Published Dec 09, 2013
Iggy Pop has described Iceage as the only current punk band "that sounds really dangerous." On their sophomore album, You're Nothing, it isn't hard to figure out exactly where Iggy's coming from. What sets these sulking Danish punks apart from their contemporaries is their seamless ability to turn dark, negative energy into something entirely exhilarating.
On opener "Ecstasy," frontman Elias Bender Rønnenfelt shouts about the mundane continuity and pressures of everyday life. It's a bleak and nihilistic track, but beneath its apocalyptic thrash lies an undeniable penchant for melody and lyrical honesty. Rønnenfelt takes clear influence from existential works like Camus' The Myth of Sisyphus when he offers lyrics like "each day another rock upon my head" before resolving that "bliss is momentary anyhow, yet worth living for take me now."
Therein lies the "ecstasy" to which Iceage refers. Rarely does a band sound so emotionally destructive, yet so hopeful; so restrained, yet so loose. You're Nothing is a short album with short songs and, appropriately, at no point does it appear to drag on. Throughout its 12 songs and 28 minutes, You're Nothing is relentlessly desolate and gloomy, yet somehow unceasingly inspiring and passionate.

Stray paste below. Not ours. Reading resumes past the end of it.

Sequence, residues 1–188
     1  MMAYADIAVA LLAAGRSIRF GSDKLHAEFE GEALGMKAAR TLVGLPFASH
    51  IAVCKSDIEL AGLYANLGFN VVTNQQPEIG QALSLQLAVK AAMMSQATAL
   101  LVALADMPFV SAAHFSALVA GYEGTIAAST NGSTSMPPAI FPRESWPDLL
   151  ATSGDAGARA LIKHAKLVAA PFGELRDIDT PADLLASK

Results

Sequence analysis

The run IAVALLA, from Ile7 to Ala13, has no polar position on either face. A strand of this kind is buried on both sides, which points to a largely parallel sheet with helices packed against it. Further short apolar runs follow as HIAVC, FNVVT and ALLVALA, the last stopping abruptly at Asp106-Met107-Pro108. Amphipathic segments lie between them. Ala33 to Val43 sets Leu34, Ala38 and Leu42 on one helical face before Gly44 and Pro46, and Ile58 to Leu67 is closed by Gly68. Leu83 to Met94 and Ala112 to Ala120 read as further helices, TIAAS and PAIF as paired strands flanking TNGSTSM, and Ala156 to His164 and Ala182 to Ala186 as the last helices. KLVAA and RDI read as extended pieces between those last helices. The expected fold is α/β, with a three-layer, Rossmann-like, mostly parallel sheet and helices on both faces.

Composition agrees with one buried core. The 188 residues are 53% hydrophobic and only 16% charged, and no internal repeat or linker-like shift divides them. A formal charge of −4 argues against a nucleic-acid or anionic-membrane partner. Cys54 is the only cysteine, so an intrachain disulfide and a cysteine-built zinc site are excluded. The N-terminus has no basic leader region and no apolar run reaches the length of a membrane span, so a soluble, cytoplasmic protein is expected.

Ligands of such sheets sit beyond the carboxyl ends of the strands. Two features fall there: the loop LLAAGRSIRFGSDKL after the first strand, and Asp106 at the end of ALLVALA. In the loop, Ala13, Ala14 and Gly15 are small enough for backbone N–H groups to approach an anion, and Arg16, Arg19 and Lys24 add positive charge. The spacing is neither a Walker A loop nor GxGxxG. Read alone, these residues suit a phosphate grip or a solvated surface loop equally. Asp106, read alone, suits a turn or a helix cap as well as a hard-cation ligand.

A lot has been made of the ages of these four Danes, and it will certainly be interesting to see if they can maintain such an impressive aura of youthful passion and anxiety as they continue to progress. In any case, Iceage will for now continue to lead an ever-blossoming Copenhagen punk scene that is one of today's most exciting. (Duncan Boyd)